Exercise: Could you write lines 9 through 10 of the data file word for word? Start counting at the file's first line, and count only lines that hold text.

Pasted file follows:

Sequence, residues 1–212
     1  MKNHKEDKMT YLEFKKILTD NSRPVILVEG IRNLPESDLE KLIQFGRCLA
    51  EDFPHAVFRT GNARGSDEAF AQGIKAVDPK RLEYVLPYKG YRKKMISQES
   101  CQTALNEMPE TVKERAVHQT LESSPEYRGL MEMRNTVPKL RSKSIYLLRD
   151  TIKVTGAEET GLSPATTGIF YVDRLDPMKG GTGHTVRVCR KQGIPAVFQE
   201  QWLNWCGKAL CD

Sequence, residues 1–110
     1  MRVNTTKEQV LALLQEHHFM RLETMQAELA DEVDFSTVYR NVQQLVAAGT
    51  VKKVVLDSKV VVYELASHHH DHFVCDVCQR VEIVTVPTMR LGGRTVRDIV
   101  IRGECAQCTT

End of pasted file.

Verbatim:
    51  VKKVVLDSKV VVYELASHHH DHFVCDVCQR VEIVTVPTMR LGGRTVRDIV
   101  IRGECAQCTT